Polaris Dippers


Asking people to “look at the damn sky” isn’t much good if they don’t know what they’re looking at. It’s easy to assume everyone can find the big dipper or locate the North Star. In the spirit of “baby steps” – everything you ever needed to know about finding the “dippers” and locating Polaris, the North Star.

The Big Dipper is always found in the north sky – in spring and summer, high in the sky – fall and winter, close to the horizon. Made up of seven stars forming a bowl and handle, the two outside stars of the bowl are Dubhe and Marek –   the “pointer stars” leading to Polaris and the Little Dipper.  Follow them in a straight line and Polaris is always there – a cosmic anchor for “dippers”  making a complete circle of the north star every 23 hours and 56 minutes.

No matter what time of year you look, the two outer stars in the Big Dipper’s bowl always point to Polaris.

http://earthsky.org/favorite-star-patterns/big-and-little-dippers-highlight-northern-sky?utm_source=EarthSky+News&utm_campaign=0a997ec4e9-EarthSky_News&utm_medium=email&utm_term=0_c643945d79-0a997ec4e9-393970565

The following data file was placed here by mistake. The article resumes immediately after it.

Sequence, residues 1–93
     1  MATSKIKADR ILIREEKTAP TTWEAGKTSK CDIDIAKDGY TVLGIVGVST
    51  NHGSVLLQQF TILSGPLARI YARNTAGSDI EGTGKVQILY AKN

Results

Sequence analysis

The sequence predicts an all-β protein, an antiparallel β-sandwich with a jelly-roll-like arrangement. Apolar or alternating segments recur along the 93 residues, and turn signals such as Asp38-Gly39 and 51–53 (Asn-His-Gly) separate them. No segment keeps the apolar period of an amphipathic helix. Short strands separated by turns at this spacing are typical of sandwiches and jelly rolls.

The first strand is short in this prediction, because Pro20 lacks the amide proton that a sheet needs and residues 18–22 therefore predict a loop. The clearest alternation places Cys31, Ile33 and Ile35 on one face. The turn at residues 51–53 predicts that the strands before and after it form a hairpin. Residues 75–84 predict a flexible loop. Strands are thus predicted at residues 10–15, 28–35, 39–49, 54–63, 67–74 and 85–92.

Polaris may not be the brightest star in the sky – ranking 50th is inconsequential to a stellar constant above the “celestial north pole”. A star of many names; pole, north, steadfast, lodestar, guiding; a fixed point in the sky responsible for navigation of the ancient world. A gift of cosmic confidence powerful enough to sail into the unknown, the only GPS northern hemisphere travellers needed to find their way home. A beacon of hope for American slaves heading north to freedom – and once you know how to find it, a way back to the car when you’re lost in the woods.

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